Policy makers involved in "3Rs" R&D are seeking solutions to some of the ethical workload issues that have arisen during the implementation of policies such as REACH in Europe. Our work has the potential to address some of these concerns. In particular our overall framework and the in vivo, in vitro and in silico tools for species sensitivity assessment we will develop has the potential to refine and replace traditional toxicity testing approaches through use of surrogate toxicokinetic, toxicodynamic and AOP based endpoints.

The general public are concerned about chemical in the environment, from a health and also an environmental protection perspective. Our project is intended to support development of an approach that can help to identify sensitivity species and develop prediction of possible sensitivity for these organisms to ensure they are included in more complete risk assessments.

Our strategy to reach these organisations will be four fold.

Scientific publication: All project data will be submitted to appropriate data repositories and published in high impact journals in ecotoxicology, molecular ecology, risk assessment and general biology.

Presentation at meetings: We will present our results at meetings affiliated with appropriate societies, such as Society of Experimental Biology (SEB), Society of Toxicology (SOT) and Society of Environmental Toxicology and Chemistry (SETAC) as fora where scientists with industrial, policy and academic backgrounds meet to share the latest research on chemical effects and risk assessment.

Specific workshops: We will hold two specific workshops to showcase the result of our project. The first will be held in parallel with a meeting of SETAC to maximise industry and regulator attendance and will set out the overall theoretical basis for our framework and the tools included. This, and the associated publicity we will generate, will raise awareness of our work with the intention of creating an audience interested in obtaining more information. The second event will build on this groundswell and will be held as a hands-on data analysis course that will allow participants to work with the kinds of toxicokinetic, toxicodynamic and adverse outcome pathway data-sets that we will develop and use within the project.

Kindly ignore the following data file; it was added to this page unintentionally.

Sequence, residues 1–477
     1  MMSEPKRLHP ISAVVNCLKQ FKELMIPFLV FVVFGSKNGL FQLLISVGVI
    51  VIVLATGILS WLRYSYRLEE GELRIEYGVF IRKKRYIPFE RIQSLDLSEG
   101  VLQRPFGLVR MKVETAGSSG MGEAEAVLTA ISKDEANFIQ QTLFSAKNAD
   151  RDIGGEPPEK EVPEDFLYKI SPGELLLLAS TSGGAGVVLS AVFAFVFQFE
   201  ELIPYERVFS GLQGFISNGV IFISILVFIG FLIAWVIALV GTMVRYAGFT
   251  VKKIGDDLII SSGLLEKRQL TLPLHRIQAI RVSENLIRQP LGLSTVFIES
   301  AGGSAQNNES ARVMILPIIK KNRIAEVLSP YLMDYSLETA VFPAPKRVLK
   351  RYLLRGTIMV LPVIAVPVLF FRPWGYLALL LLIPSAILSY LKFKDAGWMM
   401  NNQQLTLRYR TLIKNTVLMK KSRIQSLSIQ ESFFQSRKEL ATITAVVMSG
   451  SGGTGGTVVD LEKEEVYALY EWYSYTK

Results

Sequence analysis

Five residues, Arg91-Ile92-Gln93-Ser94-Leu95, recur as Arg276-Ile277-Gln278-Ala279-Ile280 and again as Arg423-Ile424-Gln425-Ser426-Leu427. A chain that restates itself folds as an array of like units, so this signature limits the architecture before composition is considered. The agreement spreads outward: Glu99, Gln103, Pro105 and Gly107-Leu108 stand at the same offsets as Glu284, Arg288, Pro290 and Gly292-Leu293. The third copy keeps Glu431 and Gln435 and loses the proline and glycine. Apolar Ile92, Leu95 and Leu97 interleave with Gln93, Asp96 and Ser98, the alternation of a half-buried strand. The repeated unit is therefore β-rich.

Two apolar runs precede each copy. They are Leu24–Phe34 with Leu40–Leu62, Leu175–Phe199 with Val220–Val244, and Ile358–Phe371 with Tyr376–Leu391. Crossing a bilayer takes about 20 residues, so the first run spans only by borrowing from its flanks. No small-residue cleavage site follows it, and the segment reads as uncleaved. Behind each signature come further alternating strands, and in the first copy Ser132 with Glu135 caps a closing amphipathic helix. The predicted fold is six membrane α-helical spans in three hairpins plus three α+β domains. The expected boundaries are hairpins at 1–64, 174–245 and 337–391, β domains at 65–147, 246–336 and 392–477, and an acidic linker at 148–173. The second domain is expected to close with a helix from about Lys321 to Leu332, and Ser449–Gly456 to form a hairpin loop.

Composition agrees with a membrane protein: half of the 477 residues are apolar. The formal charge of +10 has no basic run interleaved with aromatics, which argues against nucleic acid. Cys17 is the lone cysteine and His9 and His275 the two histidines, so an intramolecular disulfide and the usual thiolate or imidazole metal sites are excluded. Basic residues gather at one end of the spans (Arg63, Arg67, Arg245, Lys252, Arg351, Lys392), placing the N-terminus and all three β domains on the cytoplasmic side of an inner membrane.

Public engagement: We will maintain a project web page building on Lumbribase, which is already the most comprehensive resources of earthworm toxicogenomic information. The information on the range and causes of species sensitivity we will generate will also be enable us to participate in current debates on chemical safety, including for neonicotinoids and their alternatives.

The success of our activities can be tracked by monitoring published and conference paper outputs, the number and diversity (industry and regulatory) of organisations attending both our SETAC special symposium and the training workshop and the public responses to the press releases that arise from our work.

Publications

10 25 50
 
Description We have quantified the variation in species sensitivity of earthworms for three different pesticides (an organophosphate, pyrethroid, and neonicotinoid). We have shown that earthworm can accumulated neonicotinoids in body tissue resulting in exposure of higher trophic levels. We have identified receptors for each pesticide in different species. We have developed a mechanistic model for species sensitivity based on receptor compliment and expression levels in key target tissues and ancillary tissues. We have identified how specific gene family evolution changes sensitivity and within receptors and receptor analogs how specific residue mutation change sensitivity. We have refined a new adverse outcome pathway that identifies both primary target structure and non-target receptor specific binding as the co-determinants of species sensitivity.
Exploitation Route The mechanistic model we have developed is highly relevant to other taxa. We are already investigating how it applies to bee species and have support from Unilever to apply the same principals to aquatic invertebrates.
Sectors Chemicals,Environment,Manufacturing, including Industrial Biotechology

 
Description We have increased the availability of genome resources for earthworms. We have organised a workshop to exchange knowledge on omics applications in ecotoxicology to risk assessment and environmental management practice. We have resolved the detailed biochemistry of organophosphate, neonicotinoid and pyrethroid sensitivity in earthworms in adverse outcome pathways relevant to another invertebrate. These will provide leads for the development of new pesticides and also the potential for biotechnology application to combat the non-target effects of pesticides.
First Year Of Impact 2018
Sector Chemicals,Environment
Impact Types Policy & public services

 
Description Direct support from industry for PhD project match funded by Cardiff University
Amount £30,000 (GBP)
Organisation Unilever 
Department Unilever Research and Development
Sector Private
Country United Kingdom
Start 01/2017 
End 06/2020
 
Description GW4+ DTP PhD Studenship
Amount £500,000 (GBP)
Organisation Natural Environment Research Council 
Sector Public